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The Latest: 35 Somali victims arrive in Turkey for treatment

MOGADISHU, Somalia (AP) — The Latest on deadly bombing in Somalia's capital (all times local): 11:05 p.m. A Turkish military plane carrying 35 people wounded in a massive truck explosion in Somalia has arrived in Turkey.

The plane also brought 34 people to accompany the victims. The wounded will be treated at hospitals in the capital, Ankara. Deputy Prime Minister Recep Akdag told reporters that 13 victims are in serious condition.

The minister says three of the wounded are children.

10 p.m.

Mogadishu's Aamin Ambulance service tweeted that the death toll in Saturday's truck bomb blast in the capital has risen to 302, citing different medical institutions.

9:25 p.m.

A Pentagon spokesman says the United States currently has about 400 troops in Somalia and "we're not going to speculate" about sending more.

Col. Rob Manning spoke to reporters two days after a truck bombing in Somalia's capital killed more than 300 people in the country's deadliest attack.

Manning says that sending further U.S. troops to the Horn of Africa nation "is something we would have to address based on a request."

The bombing is one of the world's worst attacks in years.

The Trump administration this year stepped up military efforts against the Somalia-based al-Shabab extremist group.

8:10 p.m.

The al-Shabab extremist group is claiming responsibility for a number of recent attacks in Somalia — but not Saturday's huge truck bombing that left more than 300 people dead.

Somalia's government has blamed al-Shabab for the country's deadliest attack. But the extremist group has not commented on it.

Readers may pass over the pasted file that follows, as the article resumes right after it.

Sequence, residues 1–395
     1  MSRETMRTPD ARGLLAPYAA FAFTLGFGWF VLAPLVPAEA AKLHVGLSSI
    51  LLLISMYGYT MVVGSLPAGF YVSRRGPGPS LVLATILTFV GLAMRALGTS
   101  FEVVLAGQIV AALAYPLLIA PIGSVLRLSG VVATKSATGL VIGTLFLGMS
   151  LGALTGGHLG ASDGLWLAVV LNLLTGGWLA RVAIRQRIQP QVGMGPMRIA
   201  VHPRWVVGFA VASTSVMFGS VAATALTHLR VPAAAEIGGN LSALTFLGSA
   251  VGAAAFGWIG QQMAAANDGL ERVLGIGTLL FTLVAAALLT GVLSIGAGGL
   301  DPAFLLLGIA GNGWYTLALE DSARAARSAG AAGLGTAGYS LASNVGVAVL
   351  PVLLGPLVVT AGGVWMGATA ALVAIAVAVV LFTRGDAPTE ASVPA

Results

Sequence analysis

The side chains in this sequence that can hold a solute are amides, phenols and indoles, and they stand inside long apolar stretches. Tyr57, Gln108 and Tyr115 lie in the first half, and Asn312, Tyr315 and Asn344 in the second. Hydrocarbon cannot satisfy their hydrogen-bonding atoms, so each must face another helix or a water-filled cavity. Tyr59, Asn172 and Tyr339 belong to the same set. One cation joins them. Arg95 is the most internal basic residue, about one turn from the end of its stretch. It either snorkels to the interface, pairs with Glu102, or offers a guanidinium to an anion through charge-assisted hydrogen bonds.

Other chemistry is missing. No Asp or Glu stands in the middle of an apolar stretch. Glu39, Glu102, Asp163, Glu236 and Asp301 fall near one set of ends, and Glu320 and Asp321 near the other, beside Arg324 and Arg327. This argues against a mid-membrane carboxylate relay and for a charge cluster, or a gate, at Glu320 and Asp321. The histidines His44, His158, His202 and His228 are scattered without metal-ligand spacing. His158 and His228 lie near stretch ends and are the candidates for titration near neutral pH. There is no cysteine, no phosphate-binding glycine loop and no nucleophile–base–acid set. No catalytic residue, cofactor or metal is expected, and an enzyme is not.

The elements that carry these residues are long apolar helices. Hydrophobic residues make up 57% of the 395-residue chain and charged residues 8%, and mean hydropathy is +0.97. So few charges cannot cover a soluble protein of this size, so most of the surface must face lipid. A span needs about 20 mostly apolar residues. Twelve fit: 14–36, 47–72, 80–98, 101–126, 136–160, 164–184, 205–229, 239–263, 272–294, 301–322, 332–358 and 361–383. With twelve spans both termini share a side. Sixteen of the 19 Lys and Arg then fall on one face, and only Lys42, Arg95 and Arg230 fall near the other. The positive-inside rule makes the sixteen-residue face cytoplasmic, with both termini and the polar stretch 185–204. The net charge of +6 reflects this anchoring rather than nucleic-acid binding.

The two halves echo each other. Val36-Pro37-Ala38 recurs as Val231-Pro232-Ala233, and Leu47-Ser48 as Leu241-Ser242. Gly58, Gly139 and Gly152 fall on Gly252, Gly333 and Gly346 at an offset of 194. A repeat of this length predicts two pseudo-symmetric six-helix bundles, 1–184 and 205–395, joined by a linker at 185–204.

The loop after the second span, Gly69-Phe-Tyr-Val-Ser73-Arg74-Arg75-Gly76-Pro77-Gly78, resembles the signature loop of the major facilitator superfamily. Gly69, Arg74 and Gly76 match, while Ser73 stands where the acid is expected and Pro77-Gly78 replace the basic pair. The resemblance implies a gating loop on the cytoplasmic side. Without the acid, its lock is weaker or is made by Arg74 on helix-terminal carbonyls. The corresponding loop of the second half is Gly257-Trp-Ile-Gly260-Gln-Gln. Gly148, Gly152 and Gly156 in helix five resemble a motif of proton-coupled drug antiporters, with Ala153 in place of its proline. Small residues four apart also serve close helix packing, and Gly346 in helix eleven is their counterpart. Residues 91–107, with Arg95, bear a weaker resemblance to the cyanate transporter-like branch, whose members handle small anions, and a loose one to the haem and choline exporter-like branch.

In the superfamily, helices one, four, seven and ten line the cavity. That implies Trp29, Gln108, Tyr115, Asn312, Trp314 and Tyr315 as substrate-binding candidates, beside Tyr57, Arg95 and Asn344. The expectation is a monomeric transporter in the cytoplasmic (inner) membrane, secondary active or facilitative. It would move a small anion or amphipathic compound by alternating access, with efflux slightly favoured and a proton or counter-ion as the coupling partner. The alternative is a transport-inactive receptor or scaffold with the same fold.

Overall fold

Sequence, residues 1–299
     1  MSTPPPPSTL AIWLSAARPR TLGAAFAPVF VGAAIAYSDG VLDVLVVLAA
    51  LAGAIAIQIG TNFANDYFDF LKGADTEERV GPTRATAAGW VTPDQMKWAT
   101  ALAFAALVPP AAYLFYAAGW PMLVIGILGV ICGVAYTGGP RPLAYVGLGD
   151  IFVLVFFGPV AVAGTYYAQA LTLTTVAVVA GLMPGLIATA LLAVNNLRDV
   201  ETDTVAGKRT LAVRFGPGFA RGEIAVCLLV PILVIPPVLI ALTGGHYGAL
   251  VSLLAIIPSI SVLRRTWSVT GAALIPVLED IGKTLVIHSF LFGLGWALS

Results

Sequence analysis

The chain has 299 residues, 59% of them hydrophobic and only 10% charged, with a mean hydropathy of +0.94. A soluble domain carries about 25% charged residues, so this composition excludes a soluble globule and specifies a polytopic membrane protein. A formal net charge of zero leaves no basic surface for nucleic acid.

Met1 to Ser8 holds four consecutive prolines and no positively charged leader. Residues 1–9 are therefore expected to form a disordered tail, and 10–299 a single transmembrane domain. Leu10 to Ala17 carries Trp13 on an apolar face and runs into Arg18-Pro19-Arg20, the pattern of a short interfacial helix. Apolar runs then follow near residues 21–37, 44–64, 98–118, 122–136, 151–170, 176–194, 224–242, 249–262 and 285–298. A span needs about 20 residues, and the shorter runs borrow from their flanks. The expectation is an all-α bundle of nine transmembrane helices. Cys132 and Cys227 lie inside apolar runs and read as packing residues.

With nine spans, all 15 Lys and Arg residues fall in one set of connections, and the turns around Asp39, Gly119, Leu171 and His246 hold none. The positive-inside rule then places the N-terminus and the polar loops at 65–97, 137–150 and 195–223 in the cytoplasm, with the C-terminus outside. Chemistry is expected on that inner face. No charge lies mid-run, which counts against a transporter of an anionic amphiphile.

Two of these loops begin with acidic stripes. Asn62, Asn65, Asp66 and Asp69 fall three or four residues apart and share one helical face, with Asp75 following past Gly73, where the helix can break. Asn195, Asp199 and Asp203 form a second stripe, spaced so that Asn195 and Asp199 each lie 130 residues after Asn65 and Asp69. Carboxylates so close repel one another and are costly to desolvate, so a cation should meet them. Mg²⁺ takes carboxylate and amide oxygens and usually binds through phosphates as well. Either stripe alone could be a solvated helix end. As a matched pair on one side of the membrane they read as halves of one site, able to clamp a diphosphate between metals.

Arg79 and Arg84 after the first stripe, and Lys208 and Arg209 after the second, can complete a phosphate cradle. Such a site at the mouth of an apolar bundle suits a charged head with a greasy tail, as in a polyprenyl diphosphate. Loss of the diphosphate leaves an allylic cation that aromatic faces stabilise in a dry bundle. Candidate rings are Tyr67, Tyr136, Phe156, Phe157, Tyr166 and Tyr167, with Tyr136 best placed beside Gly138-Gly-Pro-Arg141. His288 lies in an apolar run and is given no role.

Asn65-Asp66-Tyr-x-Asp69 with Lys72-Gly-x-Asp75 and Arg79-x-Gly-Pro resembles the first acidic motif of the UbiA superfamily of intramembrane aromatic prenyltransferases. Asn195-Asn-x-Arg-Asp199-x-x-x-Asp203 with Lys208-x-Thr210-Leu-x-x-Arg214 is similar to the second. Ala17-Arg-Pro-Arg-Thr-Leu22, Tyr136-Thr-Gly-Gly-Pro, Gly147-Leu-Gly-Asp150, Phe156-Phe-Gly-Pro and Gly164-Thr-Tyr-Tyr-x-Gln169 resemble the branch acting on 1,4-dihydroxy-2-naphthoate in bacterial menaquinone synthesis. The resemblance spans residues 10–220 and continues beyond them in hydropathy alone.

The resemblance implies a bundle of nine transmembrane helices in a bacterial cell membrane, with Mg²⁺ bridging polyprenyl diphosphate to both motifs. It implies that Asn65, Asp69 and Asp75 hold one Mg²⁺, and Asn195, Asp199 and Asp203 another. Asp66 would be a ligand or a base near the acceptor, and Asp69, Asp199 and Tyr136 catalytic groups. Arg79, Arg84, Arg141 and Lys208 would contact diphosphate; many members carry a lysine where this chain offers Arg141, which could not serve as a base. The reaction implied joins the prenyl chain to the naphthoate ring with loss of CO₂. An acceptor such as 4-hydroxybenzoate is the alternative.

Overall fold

Instead, the SITE Intelligence Group says al-Shabab in the past two weeks has claimed responsibility for two dozen attacks on Somali and African Union forces, as well as the killing of one government official and the wounding of another.

Al-Shabab posted its latest claims on social media on Monday.

5 p.m.

A former leader of the al-Shabab extremist group who surrendered to Somalia's government earlier this year has condemned Saturday's bombing that killed more than 300 people.

Sheikh Mukhtar Robow called the deadliest-ever attack in Somalia an "irreligious" and "heartless" act. The truck bomb targeted a crowded street in Mogadishu.

Somalia's government has blamed al-Shabab, which has yet to comment on the attack.

Robow's surrender followed by a decision by the Trump administration, which removed him from the "most wanted list" of terrorist suspects run by the State Department's "Rewards for Justice" program in June.

4:30 p.m.

Scores of people are missing since Saturday's deadly truck bombing in Somalia's capital, raising fears that death toll will continue to rise.

Police Capt. Mohamed Hussein says at least 300 people are dead and close to 400 others are injured.

Hussein says that as hospitals and families continue to count the dead, nearly 70 people are missing, based on accounts from relatives.

He says many bodies were burnt to ashes in the attack.

4:15 p.m.

The Eiffel Tower will dim its lights in solidarity with Somalia and in mourning for more than 300 people killed in the country's deadliest-ever attack.